Security and privacy issues engulf 3G, 4G and 5G at a time when 5G is making its grand appearance onto the telecommunications market. Researchers have revealed the generation networks can monitor mobile activity and automated profiling if compromised. For nation-state actors, this information can be used to spy on embassy officials and for cybercriminals, it is a profitable opportunity.
IMSI catchers carry out attacks by faking mobile towers. ISMI-catcher devices weaken the performance of Authentication and Key Agreement (AKA) to the point it can access the device’s traffic metadata. The AKA is what provides authentication between the device and network, encrypted. Once compromised hackers can monitor the movements of users of the device as they move from one fake base station to another. It further allows for tracking the location of devices and therefore the users.
Attack on 4G network
An ISMI catcher device itself is an eavesdropping device, made with a mobile device, a radio frequency device and a card reader. Anyone can create this device for as little as $7. Additionally, many demonstration videos are on YouTube. This worryingly makes the generation attacks very easy to carry out, increasing its vulnerability.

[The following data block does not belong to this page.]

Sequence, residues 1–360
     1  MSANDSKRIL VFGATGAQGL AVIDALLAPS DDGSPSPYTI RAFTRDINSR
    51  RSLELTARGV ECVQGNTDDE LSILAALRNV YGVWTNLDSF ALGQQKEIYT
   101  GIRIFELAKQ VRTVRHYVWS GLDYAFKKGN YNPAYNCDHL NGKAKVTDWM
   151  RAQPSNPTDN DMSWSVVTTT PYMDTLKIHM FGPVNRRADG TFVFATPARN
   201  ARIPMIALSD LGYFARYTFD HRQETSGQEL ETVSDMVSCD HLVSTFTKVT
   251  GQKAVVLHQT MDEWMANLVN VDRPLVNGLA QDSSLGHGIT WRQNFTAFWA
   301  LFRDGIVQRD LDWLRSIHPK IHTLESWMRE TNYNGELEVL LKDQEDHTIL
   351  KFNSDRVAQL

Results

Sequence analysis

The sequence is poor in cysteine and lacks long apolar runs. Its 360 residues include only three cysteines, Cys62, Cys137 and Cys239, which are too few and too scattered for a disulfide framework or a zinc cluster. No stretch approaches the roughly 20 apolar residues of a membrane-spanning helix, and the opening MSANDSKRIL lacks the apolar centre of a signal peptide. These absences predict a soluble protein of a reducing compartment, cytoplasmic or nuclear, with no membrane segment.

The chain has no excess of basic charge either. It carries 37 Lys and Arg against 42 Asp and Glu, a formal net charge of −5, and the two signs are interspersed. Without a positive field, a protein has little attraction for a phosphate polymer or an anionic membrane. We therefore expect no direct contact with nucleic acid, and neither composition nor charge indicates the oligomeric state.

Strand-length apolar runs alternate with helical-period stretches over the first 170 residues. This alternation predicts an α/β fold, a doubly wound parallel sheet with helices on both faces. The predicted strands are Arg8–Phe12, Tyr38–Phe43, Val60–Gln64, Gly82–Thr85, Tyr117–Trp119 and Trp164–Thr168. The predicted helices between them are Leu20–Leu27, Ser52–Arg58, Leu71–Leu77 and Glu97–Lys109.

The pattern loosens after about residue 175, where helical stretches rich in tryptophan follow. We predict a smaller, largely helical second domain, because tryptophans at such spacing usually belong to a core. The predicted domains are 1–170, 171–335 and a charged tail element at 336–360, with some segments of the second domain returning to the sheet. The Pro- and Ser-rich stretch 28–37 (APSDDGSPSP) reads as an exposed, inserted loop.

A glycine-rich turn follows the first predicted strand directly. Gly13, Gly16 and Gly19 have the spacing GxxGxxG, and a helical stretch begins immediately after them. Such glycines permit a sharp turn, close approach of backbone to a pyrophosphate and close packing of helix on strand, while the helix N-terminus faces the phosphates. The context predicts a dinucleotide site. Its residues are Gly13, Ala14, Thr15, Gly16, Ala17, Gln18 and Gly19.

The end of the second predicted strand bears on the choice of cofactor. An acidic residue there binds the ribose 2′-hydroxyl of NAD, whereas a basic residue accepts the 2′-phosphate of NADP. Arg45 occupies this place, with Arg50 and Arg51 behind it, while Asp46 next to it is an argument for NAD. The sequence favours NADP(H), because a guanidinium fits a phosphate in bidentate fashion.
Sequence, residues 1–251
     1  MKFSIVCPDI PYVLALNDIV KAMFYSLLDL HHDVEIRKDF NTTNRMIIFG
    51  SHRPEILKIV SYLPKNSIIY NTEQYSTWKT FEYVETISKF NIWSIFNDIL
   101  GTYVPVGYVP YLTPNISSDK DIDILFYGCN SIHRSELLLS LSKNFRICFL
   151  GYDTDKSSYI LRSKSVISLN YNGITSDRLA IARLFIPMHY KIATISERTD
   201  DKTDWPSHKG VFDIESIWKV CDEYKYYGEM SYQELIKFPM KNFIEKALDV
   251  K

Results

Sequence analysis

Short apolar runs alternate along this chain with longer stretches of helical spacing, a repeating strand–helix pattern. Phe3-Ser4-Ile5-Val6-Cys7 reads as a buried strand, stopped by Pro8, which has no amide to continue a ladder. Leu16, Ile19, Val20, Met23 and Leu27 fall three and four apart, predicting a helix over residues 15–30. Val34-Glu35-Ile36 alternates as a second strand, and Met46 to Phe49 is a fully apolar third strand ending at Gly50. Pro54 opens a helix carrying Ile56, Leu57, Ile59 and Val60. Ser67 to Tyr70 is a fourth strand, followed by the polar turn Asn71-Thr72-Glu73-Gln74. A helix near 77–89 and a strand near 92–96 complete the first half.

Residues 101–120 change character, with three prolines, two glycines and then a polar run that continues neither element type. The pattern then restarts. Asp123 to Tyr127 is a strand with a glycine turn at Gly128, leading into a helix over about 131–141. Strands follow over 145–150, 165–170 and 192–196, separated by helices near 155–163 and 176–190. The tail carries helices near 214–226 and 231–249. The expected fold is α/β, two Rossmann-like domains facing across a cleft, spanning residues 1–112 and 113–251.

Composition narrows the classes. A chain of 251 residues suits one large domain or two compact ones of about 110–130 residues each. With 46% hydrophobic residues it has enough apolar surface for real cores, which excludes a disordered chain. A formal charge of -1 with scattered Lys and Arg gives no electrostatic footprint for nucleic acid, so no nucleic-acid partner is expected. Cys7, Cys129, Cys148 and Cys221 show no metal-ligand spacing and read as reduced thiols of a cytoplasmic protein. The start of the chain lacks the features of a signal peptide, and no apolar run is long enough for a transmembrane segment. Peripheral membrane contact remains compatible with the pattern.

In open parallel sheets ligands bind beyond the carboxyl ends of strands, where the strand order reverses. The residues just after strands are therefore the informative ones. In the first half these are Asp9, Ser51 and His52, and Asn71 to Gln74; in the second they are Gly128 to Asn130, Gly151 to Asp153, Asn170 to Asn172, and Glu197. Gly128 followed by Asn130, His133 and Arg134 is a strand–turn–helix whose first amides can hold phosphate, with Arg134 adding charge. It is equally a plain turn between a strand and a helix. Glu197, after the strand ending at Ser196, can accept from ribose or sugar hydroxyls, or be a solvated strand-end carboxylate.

Although Researchers did not use this method, this is an example of one of the many ways anyone can create an ISMI-catcher device.
As part of the research, hackers used the following tools to create the device in a number of 4G networks across Europe:
- PC/SC capable smartcard reader;
- Universal Software Radio Peripheral.
5G’s design has a stronger AKA and the added ability to detect and reject IMSI-catcher device attempts. SINTEF Digital Norway however, discovered these attempts were insufficient as it was able to create a new class of ISMI that instead leaked data on the user’s device. It, therefore, bypassed the security efforts. SINTEF Digital Norway reported its findings to the relevant bodies like the 3GPP and the GSM Association. In addition, it reported its findings to network providers like Vodafone UK. 3GPP and the GSM Association are making efforts to remediate the issue before 5Gs second phase. This is at the end of 2019.
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